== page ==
Last weekend Geoffrey and I picked all of the apples and pears at our little farm orchard. All I could think about was apple dumplings. Some people have visions of sugar plums. I dream of apple dumplings.  Apple dumplings are pastry wrapped baked apples. They are perfect for using up apples that don’t shine up all prim and purty…which was basically nearly all of ours this year.

I suppose it is fairly safe to say that cooking has officially consumed me. I am sure this has come as quite a shock to those who knew me B.F. (before farm)…aka, the incessant diner-outer who was better known for raiding craft services tables on production than crafting her own cider.  I categorically cherished good food; as long as someone else was preparing it. This evolution has been most surprising to me, but as I’ve come to realize, knowing how to cook and bake is absolutely essential to farm living. There is really no other option. We simply do not have the convenience of time or location to eat outside of our kitchen on a regular basis  ever. What we have is the space and potential to grow and prepare most of our own food. And so, this is what we endeavour to do. {However, a dirty dinner at The Spotted Pig wouldn’t go astray}

Still, there can be clashes in the kitchen. For instance, pastry is persnickety. Dough in general. There is a science to it. When you do it right, it can be very rewarding. But, sometimes that reward doesn’t come as often as I’d like. Generally, there are only three ingredients. It should be easy. Though mostly it’s not. The pastry I used for these apple dumplings is the same one my mother-in-law uses for her apple tart. There is egg in it. If the temperature isn’t right, it falls apart and you stand there weeping into it. (alternatively, you can scream and bang the rolling pin onto countertop until dough flies everywhere. Satisfying, but cows will think you are crazy + there’s more mess to clean up)  It is imperative that you turn the disc of pastry round and round while you are rolling it or the edges crack and badda-bing, you’re done. One day, I shall master pastry….like the little blue choo that could….maybe it will be that chicken pot pie or perhaps a daring mille-feuille, but I will get there, promise.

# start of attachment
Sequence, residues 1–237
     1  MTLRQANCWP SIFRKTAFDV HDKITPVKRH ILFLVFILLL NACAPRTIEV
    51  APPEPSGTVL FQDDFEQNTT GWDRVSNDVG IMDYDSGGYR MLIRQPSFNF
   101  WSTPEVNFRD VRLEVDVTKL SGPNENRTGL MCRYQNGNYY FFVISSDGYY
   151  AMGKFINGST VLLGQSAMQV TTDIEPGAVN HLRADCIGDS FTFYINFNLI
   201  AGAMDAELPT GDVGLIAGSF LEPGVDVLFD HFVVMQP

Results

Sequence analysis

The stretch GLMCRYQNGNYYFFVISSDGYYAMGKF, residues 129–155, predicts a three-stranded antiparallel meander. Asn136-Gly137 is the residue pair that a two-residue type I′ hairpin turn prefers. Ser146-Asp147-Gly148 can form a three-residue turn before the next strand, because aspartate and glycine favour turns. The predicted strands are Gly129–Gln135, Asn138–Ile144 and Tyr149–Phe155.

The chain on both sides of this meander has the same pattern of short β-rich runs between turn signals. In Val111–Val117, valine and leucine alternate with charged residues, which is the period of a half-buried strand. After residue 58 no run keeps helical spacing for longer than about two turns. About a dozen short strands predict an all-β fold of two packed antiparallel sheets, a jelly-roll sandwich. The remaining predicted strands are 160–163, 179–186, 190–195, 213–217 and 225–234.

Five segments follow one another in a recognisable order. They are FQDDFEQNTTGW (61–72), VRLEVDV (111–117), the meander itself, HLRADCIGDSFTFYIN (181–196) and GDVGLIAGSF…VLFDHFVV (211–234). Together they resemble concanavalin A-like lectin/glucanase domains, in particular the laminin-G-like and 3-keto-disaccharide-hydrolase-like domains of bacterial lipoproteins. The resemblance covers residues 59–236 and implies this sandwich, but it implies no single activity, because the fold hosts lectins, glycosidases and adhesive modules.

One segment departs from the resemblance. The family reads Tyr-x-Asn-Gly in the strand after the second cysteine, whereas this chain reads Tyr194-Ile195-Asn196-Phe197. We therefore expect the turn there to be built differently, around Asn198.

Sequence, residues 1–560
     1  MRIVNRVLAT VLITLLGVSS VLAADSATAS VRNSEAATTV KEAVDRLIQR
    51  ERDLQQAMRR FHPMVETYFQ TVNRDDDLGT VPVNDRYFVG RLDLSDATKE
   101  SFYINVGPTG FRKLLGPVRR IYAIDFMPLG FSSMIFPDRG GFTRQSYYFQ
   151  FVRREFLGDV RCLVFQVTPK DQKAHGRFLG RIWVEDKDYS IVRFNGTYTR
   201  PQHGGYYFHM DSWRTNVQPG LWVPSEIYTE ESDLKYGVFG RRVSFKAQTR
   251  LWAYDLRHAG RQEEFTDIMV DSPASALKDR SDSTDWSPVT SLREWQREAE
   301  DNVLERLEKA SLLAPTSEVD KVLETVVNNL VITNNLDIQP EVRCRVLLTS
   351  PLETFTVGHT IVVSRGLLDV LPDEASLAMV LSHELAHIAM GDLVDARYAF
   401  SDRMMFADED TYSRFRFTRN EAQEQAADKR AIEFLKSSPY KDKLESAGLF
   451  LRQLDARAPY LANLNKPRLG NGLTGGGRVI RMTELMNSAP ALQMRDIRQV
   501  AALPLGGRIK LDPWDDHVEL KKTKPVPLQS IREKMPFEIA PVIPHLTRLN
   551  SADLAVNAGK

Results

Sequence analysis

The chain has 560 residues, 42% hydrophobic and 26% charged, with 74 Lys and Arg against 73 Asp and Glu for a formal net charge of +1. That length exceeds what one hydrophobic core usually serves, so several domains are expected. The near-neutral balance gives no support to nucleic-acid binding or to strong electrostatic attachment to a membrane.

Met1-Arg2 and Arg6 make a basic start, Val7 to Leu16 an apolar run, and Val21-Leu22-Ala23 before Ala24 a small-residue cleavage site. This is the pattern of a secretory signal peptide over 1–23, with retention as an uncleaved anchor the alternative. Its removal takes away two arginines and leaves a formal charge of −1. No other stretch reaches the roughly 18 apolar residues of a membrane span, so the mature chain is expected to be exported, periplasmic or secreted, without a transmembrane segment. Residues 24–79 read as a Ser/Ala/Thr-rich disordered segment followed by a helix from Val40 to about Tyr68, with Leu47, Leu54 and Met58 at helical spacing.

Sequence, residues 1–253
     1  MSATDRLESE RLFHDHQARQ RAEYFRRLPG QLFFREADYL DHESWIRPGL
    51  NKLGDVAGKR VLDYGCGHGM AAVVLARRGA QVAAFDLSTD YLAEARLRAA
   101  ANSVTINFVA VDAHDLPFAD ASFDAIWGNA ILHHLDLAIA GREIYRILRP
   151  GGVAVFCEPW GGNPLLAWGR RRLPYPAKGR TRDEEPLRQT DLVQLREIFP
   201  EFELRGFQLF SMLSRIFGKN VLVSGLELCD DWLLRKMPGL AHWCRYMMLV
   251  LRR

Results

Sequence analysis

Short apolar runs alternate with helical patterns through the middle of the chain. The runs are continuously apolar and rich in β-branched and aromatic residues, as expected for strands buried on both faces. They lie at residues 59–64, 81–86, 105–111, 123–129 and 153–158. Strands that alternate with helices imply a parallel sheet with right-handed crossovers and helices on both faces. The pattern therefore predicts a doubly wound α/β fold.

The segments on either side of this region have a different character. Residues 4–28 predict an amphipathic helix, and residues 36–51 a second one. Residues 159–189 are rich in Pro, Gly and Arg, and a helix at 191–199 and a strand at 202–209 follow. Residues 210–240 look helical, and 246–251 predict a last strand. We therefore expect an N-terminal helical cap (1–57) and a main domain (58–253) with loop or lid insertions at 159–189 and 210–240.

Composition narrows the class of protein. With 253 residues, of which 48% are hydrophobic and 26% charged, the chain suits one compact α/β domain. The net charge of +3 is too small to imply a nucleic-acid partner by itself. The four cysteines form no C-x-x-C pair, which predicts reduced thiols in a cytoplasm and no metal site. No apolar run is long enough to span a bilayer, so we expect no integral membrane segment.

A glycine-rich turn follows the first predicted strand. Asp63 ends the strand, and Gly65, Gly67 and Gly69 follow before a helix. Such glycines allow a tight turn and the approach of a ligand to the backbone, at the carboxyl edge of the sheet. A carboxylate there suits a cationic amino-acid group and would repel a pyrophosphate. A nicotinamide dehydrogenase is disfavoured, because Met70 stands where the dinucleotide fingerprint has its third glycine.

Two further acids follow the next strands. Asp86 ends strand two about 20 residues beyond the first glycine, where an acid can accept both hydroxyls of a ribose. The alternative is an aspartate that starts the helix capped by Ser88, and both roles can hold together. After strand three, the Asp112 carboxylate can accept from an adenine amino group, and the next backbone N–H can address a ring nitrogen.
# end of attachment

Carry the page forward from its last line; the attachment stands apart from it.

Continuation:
Peggy’s buttery sweet pastry is perfection baked around an apple sprinkled with some autumn spices. It’s well worth the meltdown effort. And, having fresh honey and milk on hand to churn scoops of beautiful burnt honey ice cream doesn’t hurt either…

Irish Apple Dumplings

Peggy’s pastry

Juice from one lemon

6 medium cooking apples (Bramley’s work well)

55g or 1/4 cup packed brown sugar

50g or 1/4 cup granulated sugar

1 tsp ground cinnamon

1 tsp nutmeg

1 tsp cloves

Pinch kosher salt

30g or 2 tbsp unsalted butter, cut into 6 pieces

Turn out the dough onto a well-floured surface and roll into a large rectangle or square, about 1/8-inch thick.

Cut a piece of parchment paper into a 6-inch square. Using the parchment paper as a guide, cut out 6 total squares from the dough, gathering scraps and re-rolling as needed. Layer the dough on pieces of parchment paper and refrigerate while preparing the apples.

Preheat the oven to 230c/450f°.

Add the lemon juice to a bowl of ice water. Peel and core each apple and place in the lemon water to prevent browning.

To make the filling, combine the brown sugar, granulated sugar, cinnamon, nutmeg, cloves, and salt in a small bowl. Sprinkle the bottom of a square of dough with sugar mixture. Place an apple in the center of dough. Put one pat of butter in the core of the apple and sprinkle additional sugar mixture inside. Bring the four corners of dough up around the apple, pinching the edges to seal and folding over excess if necessary. Continue with all of the apples.

Arrange the apple dumplings in a baking dish, leaving about 1-inch of space between each apple. Bake until the crust begins to turn golden brown, about 40 minutes.

Burnt Honey Ice Cream

125ml or ½ cup honey

1 tsp cinnamon

500ml or 2 cups milk

250ml or 1 cup double (heavy) cream

Cook honey and cinnamon in a heavy-based saucepan over medium heat for 5 minutes or until dark coloured and smoking. Add 2 tbsp cold water and remove from heat immediately.

Heat milk and cream in a separate saucepan and bring almost to the boil. Gradually whisk in burnt honey + cinnamon and stir over low heat until mixture is combined. Do not boil. Remove from heat, pour into a bowl and cool (overnight in refrigerator is ideal). Freeze mixture in an ice-cream machine and then place in freezer for 2-3 hours before serving. 

Happy Autumn.

Slan Abhaile,

Imen

Photos by Imen McDonnell 2012

 

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